Somali pirates sieze ship full of T-72 tanks

from the BBC

Pirates off the coast of Somalia have seized a Ukrainian ship carrying T-72 tanks, an official has said.

Ukraine’s foreign ministry said the ship had a crew of 21 and was sailing under a Belize flag to the Kenyan port of Mombasa.

A report from Russia’s Interfax news agency said earlier that the ship had a cargo of about 30 tanks, as well as spare parts for armoured vehicles.

There has been a recent surge in piracy off the coast of Somalia.

The country has not had an effective national government for 17 years, leading to a collapse of law and order both on land and at sea.

Somali pirates are currently holding more than a dozen hijacked ships in the base in Eyl, a town in the semi-autonomous region of Puntland.

It was not immediately clear where the Ukrainian ship had been taken.

Speed boats

The Ukrainian foreign ministry said the captain of the Faina cargo ship had reported being surrounded by three boats of armed men on Thursday afternoon.

Andrew Mwangura, who runs the Kenya chapter of the Seafarers Assistance Programme, confirmed to the BBC that the ship was carrying a cargo of tanks.

The tanks were due to be transported by road from Kenya to South Sudan.

Security analyst Knox Chitiyo told the BBC that the incident “shows that the waters off Somalia’s coast have become a global security problem.”

“Piracy has become big business and there seems to be no concerted response to the problem,” said Mr Chitiyo, from the London-based Royal United Services Institute.

Last week, France circulated a draft UN resolution urging states to deploy naval vessels and aircraft to combat piracy in the area.

France has intervened twice to free French sailors kidnapped by pirates, with commandos freeing two people whose boat had been hijacked in the Gulf of Aden earlier this month.

After an earlier raid in April, six arrested pirates were handed over to French authorities for trial.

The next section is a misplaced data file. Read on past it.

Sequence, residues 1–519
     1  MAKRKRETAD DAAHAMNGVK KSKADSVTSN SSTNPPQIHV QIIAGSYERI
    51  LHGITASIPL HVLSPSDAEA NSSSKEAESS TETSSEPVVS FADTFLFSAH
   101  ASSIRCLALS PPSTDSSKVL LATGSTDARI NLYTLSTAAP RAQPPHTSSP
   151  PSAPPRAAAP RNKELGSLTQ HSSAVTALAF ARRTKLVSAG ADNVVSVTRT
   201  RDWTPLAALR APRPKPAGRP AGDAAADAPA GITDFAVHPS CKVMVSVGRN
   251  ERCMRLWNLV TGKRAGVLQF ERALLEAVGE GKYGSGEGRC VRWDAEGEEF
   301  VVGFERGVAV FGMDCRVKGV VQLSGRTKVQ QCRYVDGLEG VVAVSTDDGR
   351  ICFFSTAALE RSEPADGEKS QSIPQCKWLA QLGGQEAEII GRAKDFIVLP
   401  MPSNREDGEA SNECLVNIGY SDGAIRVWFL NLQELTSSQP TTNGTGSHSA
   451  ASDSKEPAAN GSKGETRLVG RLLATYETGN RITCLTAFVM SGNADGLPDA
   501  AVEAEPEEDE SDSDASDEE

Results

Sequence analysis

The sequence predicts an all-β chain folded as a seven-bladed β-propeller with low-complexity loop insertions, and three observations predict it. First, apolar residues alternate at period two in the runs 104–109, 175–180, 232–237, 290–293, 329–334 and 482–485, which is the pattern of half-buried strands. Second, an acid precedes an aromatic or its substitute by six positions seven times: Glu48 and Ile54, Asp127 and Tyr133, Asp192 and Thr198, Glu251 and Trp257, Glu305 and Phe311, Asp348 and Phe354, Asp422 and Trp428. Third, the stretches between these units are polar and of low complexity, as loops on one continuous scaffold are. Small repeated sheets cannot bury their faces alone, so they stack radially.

International navies have been escorting humanitarian deliveries to Somalia, where a third of the population needs food aid.

Flourishing industry

Pirates have seized dozens of ships from the major shipping routes near Somalia’s coast in recent months.

Pirate “mother ships” travel far out to sea and launch smaller boats to attack passing vessels, sometimes using rocket-propelled grenades (RPGs). Authorities in Somalia’s semi-autonomous region of Puntland say they are powerless to confront the pirates, who have been growing in strength.

In Eyl, where ships are held for ransom, a flourishing local industry has developed.

Insurgents in Somalia, not known to have links to the pirates, are currently battling a combination of government troops, their Ethiopian allies and African Union peacekeepers in Mogadishu and other parts of southern Somalia.

The US has an anti-terror task force based in neighbouring Djibouti and has carried out several air strikes against the Islamist insurgents, accusing them of sheltering al-Qaeda operatives.

more info here: http://news.bbc.co.uk/1/hi/world/africa/country_profiles/1072592.stm

Somalia: the new Afghanistan?: http://news.bbc.co.uk/1/hi/world/africa/7379721.stm



About this entry